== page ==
Although somatic excision of an element from the r1 locus cannot be completely ruled out at this time, it seems most likely that the sectoring is due to a change at the Fcu locus. Two possibilites arise: (1) Fcu could represent a transposable element inserted in an enhancer of r1 seed color expression. Excision of the transposable element restores the enhancerís function, giving rise to enhanced (full color) expression in the revertant sectors (this possibility was suggested to the author by Jerry Kermicle). Again, the scarcity of full colored germinal revertants would tend to argue against this possibility. (2) Fcu is itself a regulator of r1 seed color expression, and the sectors are due to changes of state in the regulator that occur during endosperm development. Under this model, the initial state of Fcu during endosperm development would either be "off," or it would be functioning to suppress r1 seed color expression. Evidence for a suppressor function comes from the pale background color observed in crosses to responsive full colored r1 haplotypes. However, the presence of other inhibitors in the Fcu line that could be responsible for the observed background suppression has not yet been ruled out. The dark sectors would represent a state in which r1 seed color expression is enhanced. The enhancement could come about by a direct interaction with the r1 locus, perhaps transcriptional activation, or it could respresent an interaction with other factors that regulate r1 seed color expression in a positive or negative way. One intriguing possibility is that Fcu might be acting to suppress suppressors of aleurone color in the colored sectors. Evidence for this comes from the presence of colored sectors in crosses of Fcu to suppressible r1 haplotypes carrying inhibitors (R1-Randolph with inhibitory alleles of inr1 or inr2; and R1-r(sd2) with Dil). In these crosses, perhaps the colored sectors are due to inactivation of the inhibitors. Of course, it is also possible that the colored sectors in such crosses are due to an enhancement of r1 seed color expression that is able to counteract the effect of the inhibitors.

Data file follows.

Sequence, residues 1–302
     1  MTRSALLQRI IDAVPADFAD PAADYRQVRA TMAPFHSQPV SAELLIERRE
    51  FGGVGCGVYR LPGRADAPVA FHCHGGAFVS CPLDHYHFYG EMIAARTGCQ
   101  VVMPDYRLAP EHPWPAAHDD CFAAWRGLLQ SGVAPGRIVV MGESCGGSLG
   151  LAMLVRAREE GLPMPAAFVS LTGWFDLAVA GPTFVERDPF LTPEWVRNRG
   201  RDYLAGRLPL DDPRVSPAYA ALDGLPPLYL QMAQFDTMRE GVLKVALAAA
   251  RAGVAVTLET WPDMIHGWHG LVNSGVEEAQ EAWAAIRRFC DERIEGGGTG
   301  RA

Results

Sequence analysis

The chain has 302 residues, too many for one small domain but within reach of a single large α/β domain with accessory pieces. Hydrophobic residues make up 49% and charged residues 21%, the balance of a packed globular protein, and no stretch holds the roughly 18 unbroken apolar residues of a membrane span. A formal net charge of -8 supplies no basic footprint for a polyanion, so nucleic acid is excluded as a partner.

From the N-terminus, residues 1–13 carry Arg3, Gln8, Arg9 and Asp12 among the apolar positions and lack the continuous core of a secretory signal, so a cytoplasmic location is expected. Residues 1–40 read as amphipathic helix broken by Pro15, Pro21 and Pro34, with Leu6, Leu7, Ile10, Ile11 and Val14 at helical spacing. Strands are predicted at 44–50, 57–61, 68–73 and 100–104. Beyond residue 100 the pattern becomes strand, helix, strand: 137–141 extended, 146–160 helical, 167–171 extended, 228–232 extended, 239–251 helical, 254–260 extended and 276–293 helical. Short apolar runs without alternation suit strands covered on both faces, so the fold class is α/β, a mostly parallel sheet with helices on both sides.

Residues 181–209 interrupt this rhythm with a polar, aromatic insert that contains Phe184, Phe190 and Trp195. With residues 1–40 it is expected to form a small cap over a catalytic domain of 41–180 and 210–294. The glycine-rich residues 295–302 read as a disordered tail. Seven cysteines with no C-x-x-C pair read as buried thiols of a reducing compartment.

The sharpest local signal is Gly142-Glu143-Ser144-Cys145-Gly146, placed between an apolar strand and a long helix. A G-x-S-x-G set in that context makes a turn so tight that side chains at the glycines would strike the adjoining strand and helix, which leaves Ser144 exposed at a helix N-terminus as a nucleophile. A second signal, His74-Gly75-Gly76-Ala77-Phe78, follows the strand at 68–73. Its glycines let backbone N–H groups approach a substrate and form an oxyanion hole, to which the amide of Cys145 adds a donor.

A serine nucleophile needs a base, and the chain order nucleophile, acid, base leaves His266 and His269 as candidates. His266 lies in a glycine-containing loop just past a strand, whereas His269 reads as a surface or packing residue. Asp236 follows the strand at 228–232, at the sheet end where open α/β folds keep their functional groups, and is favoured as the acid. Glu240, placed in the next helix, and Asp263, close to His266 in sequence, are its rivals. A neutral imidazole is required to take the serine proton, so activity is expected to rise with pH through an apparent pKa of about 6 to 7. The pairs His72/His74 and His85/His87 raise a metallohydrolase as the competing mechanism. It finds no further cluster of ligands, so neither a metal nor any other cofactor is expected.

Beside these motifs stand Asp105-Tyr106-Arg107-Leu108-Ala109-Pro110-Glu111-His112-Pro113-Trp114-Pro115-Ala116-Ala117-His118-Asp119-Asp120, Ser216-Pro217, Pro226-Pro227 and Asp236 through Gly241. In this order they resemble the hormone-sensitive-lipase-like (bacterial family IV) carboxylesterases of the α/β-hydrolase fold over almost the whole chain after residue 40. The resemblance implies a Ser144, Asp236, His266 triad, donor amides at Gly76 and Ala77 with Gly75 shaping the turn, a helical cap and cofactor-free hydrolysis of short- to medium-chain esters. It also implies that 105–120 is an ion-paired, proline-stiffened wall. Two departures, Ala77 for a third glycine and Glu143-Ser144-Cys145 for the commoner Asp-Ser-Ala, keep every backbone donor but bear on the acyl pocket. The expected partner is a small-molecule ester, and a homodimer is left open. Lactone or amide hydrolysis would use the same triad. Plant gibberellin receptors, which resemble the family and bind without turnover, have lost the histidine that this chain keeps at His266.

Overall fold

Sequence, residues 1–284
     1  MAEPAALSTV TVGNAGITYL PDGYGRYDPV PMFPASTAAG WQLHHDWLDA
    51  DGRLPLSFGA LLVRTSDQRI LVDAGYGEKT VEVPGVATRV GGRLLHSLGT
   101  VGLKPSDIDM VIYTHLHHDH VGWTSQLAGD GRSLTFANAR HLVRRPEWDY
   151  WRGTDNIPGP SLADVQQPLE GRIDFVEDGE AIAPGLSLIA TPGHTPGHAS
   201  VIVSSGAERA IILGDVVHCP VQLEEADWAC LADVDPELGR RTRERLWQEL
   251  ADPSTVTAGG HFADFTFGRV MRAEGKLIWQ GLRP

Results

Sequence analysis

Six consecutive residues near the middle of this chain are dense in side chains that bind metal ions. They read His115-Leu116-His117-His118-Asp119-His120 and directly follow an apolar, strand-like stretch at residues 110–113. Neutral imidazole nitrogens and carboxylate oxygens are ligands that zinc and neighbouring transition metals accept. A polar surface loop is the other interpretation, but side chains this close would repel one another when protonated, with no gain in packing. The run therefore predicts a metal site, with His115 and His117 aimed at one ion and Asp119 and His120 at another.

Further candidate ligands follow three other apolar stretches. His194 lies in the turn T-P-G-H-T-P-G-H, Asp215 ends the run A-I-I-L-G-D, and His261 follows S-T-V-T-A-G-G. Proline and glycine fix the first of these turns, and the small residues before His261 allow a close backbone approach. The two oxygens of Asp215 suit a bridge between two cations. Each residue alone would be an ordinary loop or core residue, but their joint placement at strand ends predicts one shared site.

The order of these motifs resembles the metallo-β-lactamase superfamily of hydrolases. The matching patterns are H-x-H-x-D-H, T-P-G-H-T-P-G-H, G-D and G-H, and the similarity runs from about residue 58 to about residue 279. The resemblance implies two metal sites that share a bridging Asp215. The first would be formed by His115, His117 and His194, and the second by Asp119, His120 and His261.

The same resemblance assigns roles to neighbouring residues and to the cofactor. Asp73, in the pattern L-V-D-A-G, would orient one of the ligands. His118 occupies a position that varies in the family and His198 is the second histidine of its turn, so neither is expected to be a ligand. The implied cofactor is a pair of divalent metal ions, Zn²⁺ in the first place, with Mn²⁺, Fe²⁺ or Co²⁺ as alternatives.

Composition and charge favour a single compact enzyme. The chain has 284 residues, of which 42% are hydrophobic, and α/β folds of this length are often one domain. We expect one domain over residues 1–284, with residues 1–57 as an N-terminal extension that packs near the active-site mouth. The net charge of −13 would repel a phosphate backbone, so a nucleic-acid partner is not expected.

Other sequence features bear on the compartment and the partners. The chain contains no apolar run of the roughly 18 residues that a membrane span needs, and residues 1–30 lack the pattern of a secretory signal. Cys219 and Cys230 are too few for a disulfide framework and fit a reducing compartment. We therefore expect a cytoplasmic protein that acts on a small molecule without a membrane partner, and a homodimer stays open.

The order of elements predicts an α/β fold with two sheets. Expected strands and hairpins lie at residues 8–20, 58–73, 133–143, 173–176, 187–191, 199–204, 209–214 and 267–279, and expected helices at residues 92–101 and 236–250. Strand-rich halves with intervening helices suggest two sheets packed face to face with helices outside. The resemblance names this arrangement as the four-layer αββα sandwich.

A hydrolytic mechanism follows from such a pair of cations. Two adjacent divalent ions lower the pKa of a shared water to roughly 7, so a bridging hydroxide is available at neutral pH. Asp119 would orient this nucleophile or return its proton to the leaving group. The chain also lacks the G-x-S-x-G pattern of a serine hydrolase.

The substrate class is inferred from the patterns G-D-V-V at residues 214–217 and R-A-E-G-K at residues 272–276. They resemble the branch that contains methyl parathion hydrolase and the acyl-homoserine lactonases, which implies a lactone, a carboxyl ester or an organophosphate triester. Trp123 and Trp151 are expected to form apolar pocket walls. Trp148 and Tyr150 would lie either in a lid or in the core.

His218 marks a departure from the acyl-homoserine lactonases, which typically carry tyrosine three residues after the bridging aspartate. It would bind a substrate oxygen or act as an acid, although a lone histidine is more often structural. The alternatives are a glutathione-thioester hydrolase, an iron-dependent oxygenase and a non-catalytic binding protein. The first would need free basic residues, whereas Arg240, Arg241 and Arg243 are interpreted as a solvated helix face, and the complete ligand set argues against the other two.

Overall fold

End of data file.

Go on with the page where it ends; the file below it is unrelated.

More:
If Fcu induces colored sectors due to the suppression of r1 seed color suppressors, then why are sectors produced in crosses to pale r1 haplotypes not known to carry suppressors, such as R1-r(Venezuela412-PI302347) and R1-r(Venezuela559-PI302355)? It could be that the W22 conversions of these haplotypes used in these crosses actually do carry suppressors that had not been previously identified. This past summer, both haplotypes were outcrossed to W22 and W23 r1-g conversions. For both haplotypes, the kernels on the W22 outcross ears were lighter in color than the kernels on the W23 outcross ears, suggesting that W22 carries inhibitors of these particular haplotypes relative to W23. Again, these results are very preliminary, and the possibility that the full colored Fcu sectors are simply due to enhancement of r1 seed color expression cannot be ruled out at this time.

Figure 1. Cross of r1-g Fcu onto R1-ch:Stadler.